Service work a labor of love for Sandburg, Lincoln-Way North swimmers
By Tim O’Brien For Sun-Times Media September 3, 2012 8:54PM
Members of the Sandburg and Lincoln-Way North swimming teams work at the Bishop Fulton J. Sheen Kinights of Columbus Council's Annual Fishing Derby. | Tim O'Brien~For Sun-Times Media
Updated: October 5, 2012 6:03AM
Maggie Foley wasn’t much for fishing when she headed to Sandburg for high school.
Now a senior and a member of the swim team, Foley still isn’t a huge fan, but when the right opportunity presents itself ... well, she’ll at least give it a try.
“I don’t like to touch the fish,” Foley said with a smile. “I’m forced to touch the worms, but I won’t do the fish.”
On a warm, sunny Sunday afternoon in August, Foley and the Sandburg and Lincoln-Way North girls swim teams teamed up, working as volunteers at the Bishop Fulton J. Sheen Knights of Columbus Council’s Annual Fishing Derby.
The Derby is for mentally challenged adults who live in a group home setting. The Sandburg and North swimmers buddy up with the adults and help with the fishing effort.
“I love doing this,” Foley, attending her fourth derby, said. “It’s a really fun experience. Not everyone has a chance to work with special needs people, and it makes me happy working with them. They love doing this, they love seeing us and they’re fun to be around.”
The Sandburg swim team and coach Jane Caliendo have been a part of the event for the past 19 years. Sandburg students must complete 24 hours of community service over four years as a graduation requirement.
“The kids enjoy the fishing together, the camaraderie, the socialization, and they do a great job,” Caliendo said. “It’s been a really rewarding experience for them, and the adults remember them from year to year.”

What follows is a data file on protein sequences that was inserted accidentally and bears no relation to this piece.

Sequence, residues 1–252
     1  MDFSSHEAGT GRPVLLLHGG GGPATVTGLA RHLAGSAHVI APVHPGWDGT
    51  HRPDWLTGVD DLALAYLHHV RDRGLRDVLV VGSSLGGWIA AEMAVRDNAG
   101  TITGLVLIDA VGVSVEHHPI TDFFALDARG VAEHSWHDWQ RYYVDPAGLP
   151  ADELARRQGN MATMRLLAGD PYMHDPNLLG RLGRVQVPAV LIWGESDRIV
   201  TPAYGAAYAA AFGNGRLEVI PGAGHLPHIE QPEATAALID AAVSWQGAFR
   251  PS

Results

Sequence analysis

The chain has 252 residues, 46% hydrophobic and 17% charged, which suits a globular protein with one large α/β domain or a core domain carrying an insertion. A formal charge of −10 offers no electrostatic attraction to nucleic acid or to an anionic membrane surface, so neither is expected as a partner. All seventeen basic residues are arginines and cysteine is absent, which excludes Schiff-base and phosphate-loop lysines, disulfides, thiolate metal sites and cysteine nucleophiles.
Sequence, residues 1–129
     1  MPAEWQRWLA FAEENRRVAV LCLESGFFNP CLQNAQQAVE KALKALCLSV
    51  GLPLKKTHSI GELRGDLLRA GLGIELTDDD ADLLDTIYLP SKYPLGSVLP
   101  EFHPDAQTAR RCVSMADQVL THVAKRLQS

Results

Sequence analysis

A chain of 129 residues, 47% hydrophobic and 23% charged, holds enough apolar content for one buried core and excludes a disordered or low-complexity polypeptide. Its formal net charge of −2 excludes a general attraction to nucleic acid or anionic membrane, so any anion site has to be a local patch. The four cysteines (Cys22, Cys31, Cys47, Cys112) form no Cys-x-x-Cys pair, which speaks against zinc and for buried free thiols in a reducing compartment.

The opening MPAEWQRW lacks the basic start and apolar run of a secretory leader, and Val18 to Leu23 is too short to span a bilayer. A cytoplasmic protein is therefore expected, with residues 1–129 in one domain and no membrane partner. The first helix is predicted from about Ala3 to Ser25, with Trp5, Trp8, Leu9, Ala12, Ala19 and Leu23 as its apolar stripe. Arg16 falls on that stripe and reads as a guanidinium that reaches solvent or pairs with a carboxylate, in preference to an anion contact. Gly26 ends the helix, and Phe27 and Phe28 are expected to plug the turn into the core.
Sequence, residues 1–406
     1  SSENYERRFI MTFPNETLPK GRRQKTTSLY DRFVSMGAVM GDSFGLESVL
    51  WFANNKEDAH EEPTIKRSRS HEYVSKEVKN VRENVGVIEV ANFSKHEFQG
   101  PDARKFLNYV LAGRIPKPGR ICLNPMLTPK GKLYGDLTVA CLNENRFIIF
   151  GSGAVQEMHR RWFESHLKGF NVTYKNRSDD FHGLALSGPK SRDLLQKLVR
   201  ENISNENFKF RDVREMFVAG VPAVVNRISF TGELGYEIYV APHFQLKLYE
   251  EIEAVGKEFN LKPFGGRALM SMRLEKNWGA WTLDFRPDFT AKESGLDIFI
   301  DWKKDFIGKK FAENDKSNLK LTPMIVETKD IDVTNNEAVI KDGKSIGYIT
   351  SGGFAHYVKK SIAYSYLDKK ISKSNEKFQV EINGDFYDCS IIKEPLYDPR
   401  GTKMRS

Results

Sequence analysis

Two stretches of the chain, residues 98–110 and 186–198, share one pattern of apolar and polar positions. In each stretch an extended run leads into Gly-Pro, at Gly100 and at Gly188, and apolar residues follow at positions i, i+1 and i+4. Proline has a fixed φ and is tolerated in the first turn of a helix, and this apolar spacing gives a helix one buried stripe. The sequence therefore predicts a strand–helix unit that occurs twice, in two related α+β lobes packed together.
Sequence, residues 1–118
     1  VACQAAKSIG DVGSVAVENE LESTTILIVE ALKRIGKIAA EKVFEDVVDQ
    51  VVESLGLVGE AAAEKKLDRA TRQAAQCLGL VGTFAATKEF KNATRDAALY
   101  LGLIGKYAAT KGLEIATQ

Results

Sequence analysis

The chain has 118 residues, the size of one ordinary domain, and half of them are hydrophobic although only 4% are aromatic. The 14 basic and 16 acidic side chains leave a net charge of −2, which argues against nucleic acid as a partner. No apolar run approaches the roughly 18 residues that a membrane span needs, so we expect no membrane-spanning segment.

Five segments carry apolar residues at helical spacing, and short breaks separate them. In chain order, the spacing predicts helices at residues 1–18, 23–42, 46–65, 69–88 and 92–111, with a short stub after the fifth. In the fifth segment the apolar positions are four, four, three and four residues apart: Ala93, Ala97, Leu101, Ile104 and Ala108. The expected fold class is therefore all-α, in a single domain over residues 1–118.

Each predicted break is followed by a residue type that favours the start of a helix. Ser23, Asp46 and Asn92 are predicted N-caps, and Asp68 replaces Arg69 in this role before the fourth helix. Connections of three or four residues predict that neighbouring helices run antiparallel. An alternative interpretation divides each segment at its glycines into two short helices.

A member school of District 230, Sandburg works under this year’s district mantra of “GREAT things and making HEALTHY choices.”
So at the pond by the old Orland Park Police Station on Ravinia Avenue on a Sunday afternoon, student-athletes from both schools devoted a little bit of their time to help out.
“It’s giving up your Sunday for the benefit of the community instead of sitting around, sleeping or on Facebook, being depressed about your teenage angst,” Caliendo said with a laugh. “They’re out here enjoying a beautiful day, so it’s a healthy choice and a win-win for everyone.”
Lincoln-Way North coach Kendra Will is a 2001 Sandburg grad who participated in the event as a student. The service made quite an impact, putting Will on a path to becoming a special education teacher. Once she became a coach at North, she did not waste any time asking her former coach if her team could join in.
“Just seeing someone’s complete joy from catching a fish, the emotion in their face, it gives you a different perspective on life,” Will said. “It’s inspiring to me. I want my girls to learn that valuable lesson.”
Lincoln-Way North, along with fellow District 210 schools Lincoln-Way East, West and Central, requires 20 hours of community service for graduation.
Many Southland schools stop short of a community service requirement for graduation, preferring simply to encourage such generosity of spirit.
Marist athletic director Bob Lim said students completed more than 50,000 hours of community service last year, spread among multiple opportunities.
Sister Dorothy Marie Solak, the Service Club coordinator at Marian Catholic, said 90 percent of Marian students do community service even without the requirement.
“We have a strong tradition of service, and we would rather have students do service because they want to do service than because they have to,” Solak said in an email. Many schools at least try to offer students opportunities to join the community service effort. St. Rita requires students to have one community service “experience” each quarter, offering chances to work with P.A.D.S. shelters and St. Baldrick’s, among others, even if only for an hour or two.
Shepard’s boys track team organized a 24-hour run to raise money for the Susan G. Komen Breast Cancer Foundation. Coach Daniel Ludwig said the event is again being planned for this year, though a benefiting charity hasn’t been chosen yet.
For Caliendo and her swim team, requirement or not, the end result is what counts.
“I’m so proud of the selflessness the kids showing coming out year after year,” Caliendo said. “They enjoy the experience. I beam with pride every year watching them.”